"Justin Bloxom Bill" heads to LA Senate - KSLA News 12 Shreveport, Louisiana News Weather & Sports

"Justin Bloxom Bill" heads to LA Senate

Posted: Updated: April 5, 2012 06:33 PM CDT

BATON ROUGE, LA (KSLA) – Louisiana lawmakers are considering a bill aimed at keeping sex offenders out of occupations that put them in the driver's seat and within reach of children. 

State Sen. Sherri Smith Cheek (R-Mansfield) and State Rep. Richard Burford (D-Stonewall) rushed to introduce the bill after the arrest of two-time sex offender Brian Horn, accused in the abduction and murder of 13-year-old Justin Bloxom.  Horn allegedly used posed as a 15-year-old girl and used text messages to lure the boy into his cab.  Bloxom's body was found on along Highway 171 in Stonewall on March 30.

On Tuesday, DeSoto Parish Sheriff Rodney Arbuckle testified before a Senate Judiciary Committee considering SB 780. "This probably is not going to stop a sexual predator like Brian Horn, Arbuckle says, "but it will give law enforcement tools to actually investigate."   

The "Justin Bloxom Bill" makes it a felony for a registered sex offender to work in a number of occupations that have the potential to put them in contact with children.  Penalties provide for fines of up to $10,000 and five to ten years at hard labor without the possibility of parole for at least three years. 

Sen. Cheek believes the bill has support in both the House and Senate, but admits it's a work in progress.  "Right now you're seeing a team of district attorneys, the Attorney General and law enforcement community going through and trying to make sure we're crafting language that is enforceable."

Caddo Assistant District Attorney Hugo Holland is one of those helping to refine the bill, so that "it's something  that we can use, that it's not an exercise in futility where the court can't strike it down as being unconstitutional or over broad."  Of particular concern, Holland says, is how broadly some of the job descriptions included in the bill could be interpreted.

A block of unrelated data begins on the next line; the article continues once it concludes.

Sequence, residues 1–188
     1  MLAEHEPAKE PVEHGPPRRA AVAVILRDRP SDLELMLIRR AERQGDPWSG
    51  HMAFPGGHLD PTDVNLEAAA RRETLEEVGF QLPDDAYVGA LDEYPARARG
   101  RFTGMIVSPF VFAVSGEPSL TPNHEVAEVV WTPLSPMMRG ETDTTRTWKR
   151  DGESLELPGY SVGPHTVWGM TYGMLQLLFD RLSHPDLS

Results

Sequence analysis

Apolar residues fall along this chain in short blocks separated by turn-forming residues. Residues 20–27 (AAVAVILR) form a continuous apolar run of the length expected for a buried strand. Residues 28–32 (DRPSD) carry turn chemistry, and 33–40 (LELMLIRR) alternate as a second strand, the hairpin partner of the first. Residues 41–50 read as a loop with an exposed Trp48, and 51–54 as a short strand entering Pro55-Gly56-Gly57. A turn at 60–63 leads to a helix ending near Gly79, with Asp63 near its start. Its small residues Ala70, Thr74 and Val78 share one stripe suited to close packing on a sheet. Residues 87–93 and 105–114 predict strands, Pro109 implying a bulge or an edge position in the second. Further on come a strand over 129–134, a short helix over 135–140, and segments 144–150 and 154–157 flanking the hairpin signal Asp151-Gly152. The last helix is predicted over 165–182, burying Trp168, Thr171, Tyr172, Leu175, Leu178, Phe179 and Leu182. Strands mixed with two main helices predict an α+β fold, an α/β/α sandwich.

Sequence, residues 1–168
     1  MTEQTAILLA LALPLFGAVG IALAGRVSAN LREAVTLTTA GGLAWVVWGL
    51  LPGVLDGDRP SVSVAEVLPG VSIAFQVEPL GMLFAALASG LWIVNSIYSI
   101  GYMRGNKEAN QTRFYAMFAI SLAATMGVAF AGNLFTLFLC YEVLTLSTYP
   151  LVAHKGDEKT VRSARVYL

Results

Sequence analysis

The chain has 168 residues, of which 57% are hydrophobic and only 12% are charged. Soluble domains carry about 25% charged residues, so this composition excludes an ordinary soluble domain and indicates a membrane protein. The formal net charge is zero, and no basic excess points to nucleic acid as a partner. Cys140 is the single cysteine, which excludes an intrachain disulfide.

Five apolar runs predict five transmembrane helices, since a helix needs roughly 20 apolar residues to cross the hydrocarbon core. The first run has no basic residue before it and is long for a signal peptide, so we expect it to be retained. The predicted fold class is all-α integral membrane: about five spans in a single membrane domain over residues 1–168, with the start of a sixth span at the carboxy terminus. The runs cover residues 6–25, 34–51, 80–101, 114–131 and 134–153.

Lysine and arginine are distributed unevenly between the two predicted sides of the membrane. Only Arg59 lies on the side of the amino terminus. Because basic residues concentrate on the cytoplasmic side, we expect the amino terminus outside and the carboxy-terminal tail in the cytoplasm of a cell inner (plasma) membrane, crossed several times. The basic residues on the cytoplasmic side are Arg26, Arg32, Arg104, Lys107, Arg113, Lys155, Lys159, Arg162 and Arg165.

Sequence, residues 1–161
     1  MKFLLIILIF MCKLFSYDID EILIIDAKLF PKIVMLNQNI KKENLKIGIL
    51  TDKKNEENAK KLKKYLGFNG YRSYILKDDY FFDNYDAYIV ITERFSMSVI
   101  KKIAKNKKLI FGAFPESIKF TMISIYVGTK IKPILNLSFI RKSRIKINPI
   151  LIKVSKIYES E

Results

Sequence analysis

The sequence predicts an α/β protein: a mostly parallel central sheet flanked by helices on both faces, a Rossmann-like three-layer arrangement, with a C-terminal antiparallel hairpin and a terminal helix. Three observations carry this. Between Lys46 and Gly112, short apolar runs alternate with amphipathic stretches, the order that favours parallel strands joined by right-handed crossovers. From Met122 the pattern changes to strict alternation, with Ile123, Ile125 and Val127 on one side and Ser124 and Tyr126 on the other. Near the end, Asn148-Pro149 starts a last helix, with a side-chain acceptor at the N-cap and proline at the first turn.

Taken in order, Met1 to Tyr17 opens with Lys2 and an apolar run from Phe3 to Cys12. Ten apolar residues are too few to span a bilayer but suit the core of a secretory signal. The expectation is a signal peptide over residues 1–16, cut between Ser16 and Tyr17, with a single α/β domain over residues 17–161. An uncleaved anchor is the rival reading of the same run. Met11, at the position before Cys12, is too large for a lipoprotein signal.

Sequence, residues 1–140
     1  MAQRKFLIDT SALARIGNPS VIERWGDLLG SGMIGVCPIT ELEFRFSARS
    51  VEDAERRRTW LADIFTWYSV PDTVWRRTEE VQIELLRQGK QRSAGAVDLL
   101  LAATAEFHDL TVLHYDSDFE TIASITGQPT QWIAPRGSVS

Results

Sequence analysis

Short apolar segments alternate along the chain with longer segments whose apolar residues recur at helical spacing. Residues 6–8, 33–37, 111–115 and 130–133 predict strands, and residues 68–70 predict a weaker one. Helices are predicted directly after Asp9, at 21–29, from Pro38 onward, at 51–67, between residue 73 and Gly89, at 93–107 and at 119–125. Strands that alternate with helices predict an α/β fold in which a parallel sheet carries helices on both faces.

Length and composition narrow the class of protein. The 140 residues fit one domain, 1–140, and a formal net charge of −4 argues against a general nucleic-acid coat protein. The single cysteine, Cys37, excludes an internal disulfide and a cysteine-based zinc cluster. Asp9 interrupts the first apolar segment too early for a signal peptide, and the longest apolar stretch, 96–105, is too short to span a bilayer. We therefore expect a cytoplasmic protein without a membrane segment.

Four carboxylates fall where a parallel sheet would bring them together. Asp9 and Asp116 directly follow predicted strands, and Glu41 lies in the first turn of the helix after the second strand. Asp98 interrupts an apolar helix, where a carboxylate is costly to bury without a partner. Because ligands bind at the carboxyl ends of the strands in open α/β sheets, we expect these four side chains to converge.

Carnival workers and amusement ride operators were included in the original bill, but were removed before it was unanimously passed out of the committee on Tuesday. "What about the guy that owns the lunch wagon that sells hot dogs that happens to have a cooler and have a few ice cream bars in there, and he's selling those to workers at Calumet.  Is that somebody that we want to call an ice cream truck driver, so it's things like that that we want to try to carefully tailor so that we don't cast the net too broadly."

SB 780 still includes workers who go into homes, like air conditioning repair and pest control services.  Once better-defined, ice cream truck drivers and carnival workers could go back in the bill, along with other occupations. "Perhaps some additional employment that these offenders will not be allowed to do," says Sen. Cheek, "Frankly for the protection of the general public, but especially for the protection of minors" 

Holland is also concerned about a provision in the proposed bill that would have made the law retroactive.  "We can't make it a felony for somebody to do that if they already have that job.  It just violates fundamental fairness. So we've got to figure out a way to make sure that the law only applies to the people that attempt to get those jobs in the future, but that we also try to protect the public against people that have convictions and have those jobs now."  Instead, sex offenders who already work in those occupations would be required to post notices on their vehicles. 

Holland says a change in the law that would have required sex offenders to register for life was removed from the bill on Tuesday. Holland says that, too, would have cast too broad a net in encompassing all sex offenders instead of taking the nature and severity of the offense into consideration.  The revised bill could make it to the Senate floor in about two weeks.  Click here for a link to the proposed bill.  

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